Small child scribbling with what looks like oil pastel crayons

Scribbles: A Drawing Game for Children of All Ages

Small child scribbling with what looks like oil pastel crayonsThis is a simple activity that requires few materials and almost no preparation. All you have to do is grab a sheet of paper and a writing utensil. Any child old enough to draw a picture can play, and it’s good for as few as two people and, with a few tweaks, as many as you want to add.

If you’re drawing on paper, your upper number is as many as can comfortably pass the drawing around. If you have a larger group, you can use a white board and markers, or a chalk board and chalk. For the sake of simplicity, I’ll give instructions for two players.


  • Paper or any other drawing surface
  • Pencil or any other writing/drawing utensil


  • Player 1(beginning as the Scribbler) draws a scribble.
  • Player 2 (beginning as the Artist) takes the paper and makes a drawing out of the scribble.
  • Players reverse roles, with Player 2 acting as the Scribbler and Player 1 acting as the Artist.
  • Repeat, with players alternating roles, until you’re out of time or players tire of the game.

The Artist may orient the scribble in any direction he or she desires. So, let’s say the Scribbler makes a scribble like this:

A scribble drawn in in on white paper
Original Scribble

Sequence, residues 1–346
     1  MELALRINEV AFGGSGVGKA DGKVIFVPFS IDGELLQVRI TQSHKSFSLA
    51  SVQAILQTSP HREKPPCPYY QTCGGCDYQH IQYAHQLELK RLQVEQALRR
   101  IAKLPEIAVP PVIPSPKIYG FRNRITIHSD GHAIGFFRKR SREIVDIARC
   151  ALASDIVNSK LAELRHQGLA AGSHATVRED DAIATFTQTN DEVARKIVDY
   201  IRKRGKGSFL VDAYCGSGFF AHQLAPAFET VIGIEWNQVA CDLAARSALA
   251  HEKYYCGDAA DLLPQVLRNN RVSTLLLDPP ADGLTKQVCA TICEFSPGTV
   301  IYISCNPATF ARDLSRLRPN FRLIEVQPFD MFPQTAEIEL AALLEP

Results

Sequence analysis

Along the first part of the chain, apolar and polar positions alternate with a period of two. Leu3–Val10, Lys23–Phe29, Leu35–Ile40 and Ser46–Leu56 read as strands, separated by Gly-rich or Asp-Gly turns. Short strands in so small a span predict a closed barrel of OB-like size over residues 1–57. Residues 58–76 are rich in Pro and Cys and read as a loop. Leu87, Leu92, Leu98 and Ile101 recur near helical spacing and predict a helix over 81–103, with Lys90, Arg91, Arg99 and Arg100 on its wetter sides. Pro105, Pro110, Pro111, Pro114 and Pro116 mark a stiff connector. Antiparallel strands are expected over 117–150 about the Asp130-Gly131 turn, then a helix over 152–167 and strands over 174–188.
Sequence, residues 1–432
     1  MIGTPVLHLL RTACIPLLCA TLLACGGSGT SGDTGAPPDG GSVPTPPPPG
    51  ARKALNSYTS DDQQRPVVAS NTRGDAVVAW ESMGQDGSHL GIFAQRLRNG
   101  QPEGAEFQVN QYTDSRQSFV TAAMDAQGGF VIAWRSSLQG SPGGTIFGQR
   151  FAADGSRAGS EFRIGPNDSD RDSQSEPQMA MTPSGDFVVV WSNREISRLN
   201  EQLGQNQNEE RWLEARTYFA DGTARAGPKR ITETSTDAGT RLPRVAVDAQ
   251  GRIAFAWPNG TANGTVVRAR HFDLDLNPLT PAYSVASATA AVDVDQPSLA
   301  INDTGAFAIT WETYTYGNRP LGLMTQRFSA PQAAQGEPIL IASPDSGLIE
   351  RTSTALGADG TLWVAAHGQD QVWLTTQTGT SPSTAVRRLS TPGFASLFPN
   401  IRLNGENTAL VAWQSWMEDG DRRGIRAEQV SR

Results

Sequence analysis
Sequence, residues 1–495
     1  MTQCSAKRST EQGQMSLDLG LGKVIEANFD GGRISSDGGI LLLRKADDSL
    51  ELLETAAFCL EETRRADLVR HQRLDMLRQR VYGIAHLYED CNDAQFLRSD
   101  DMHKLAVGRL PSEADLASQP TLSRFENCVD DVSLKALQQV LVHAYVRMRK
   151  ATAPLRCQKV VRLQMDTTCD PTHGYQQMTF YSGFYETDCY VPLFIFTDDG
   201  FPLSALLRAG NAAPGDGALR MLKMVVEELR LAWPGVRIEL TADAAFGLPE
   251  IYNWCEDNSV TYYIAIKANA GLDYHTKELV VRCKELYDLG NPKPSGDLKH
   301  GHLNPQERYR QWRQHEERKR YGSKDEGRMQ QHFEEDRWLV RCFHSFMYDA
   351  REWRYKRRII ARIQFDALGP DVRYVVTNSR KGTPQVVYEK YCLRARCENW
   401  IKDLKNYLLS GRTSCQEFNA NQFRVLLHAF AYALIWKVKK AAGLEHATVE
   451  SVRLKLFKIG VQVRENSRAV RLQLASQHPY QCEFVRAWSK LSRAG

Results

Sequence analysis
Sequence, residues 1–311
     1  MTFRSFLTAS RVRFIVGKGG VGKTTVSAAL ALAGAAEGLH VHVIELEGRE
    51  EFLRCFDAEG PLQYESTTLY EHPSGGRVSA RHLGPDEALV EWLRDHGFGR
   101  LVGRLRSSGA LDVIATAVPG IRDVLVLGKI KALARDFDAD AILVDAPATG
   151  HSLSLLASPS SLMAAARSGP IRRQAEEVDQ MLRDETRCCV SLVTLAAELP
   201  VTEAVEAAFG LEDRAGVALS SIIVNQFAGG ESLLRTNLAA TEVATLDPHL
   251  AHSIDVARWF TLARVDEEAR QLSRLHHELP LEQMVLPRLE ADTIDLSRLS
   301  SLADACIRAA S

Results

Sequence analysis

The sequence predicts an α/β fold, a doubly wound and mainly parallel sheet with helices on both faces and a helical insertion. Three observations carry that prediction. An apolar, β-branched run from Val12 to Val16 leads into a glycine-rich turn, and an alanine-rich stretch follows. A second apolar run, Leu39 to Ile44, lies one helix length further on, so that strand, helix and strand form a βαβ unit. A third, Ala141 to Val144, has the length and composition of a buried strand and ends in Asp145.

The Artist might use the original orientation to create a picture like this:

The drawing made from the original scribble
Drawing made from original scribble

Or he or she might flip the scribble (upside down or sideways):

The original scribble has been turned upside down
Re-oriented Scribble (re-created for this article)

…resulting in a picture like this:

The picture drawn from the re-oriented scribble is a bird with a crest
Picture drawn from re-oriented scribble

If an older player is drawing for a younger one, the older player should start with a simple scribble. Scribbles can become more complex as players get better at the game. They’ll let you or the other players know when they want a harder challenge.

I’ve found that this game works best when the goal is to keep it going as long as possible. This makes it a collaborative game where players have to be empathetic and learn to be aware of each others’ abilities.

I’ve seen it played where the goal is to stump the other player by coming up with a scribble that can’t be made into anything, and the result is never very satisfying. Part of the pleasure of the game is seeing what the other person comes up with.

One way to preserve its collaborative nature while adding an element of competition is, if you have at least four players, to create two or more teams. Each team gets a point for each completed drawing, with  bonus points for more complex drawings. This version works best for older children.


  1. Hi Beth,

    This is such a simple activity, but valuable on so many levels. I love the interactive element and the idea of sharing ideas. It could provoke some quite challenging discussions with interesting results!

    But I particularly like that this concept can be used at any age / developmental stage with equal enjoyment and I reckon great hilarity. Many thanks for such a great idea! Sue 🙂

    1. Thank you, Sue. What a kind comment–and you homed in on the same things I love about it. It’s so simple and versatile, yet it develops creativity, abstract thinking, eye-hand coordination, and a variety of social skills.

      It’s fun for adults too! (And as you guessed, the results can be hilarious.)

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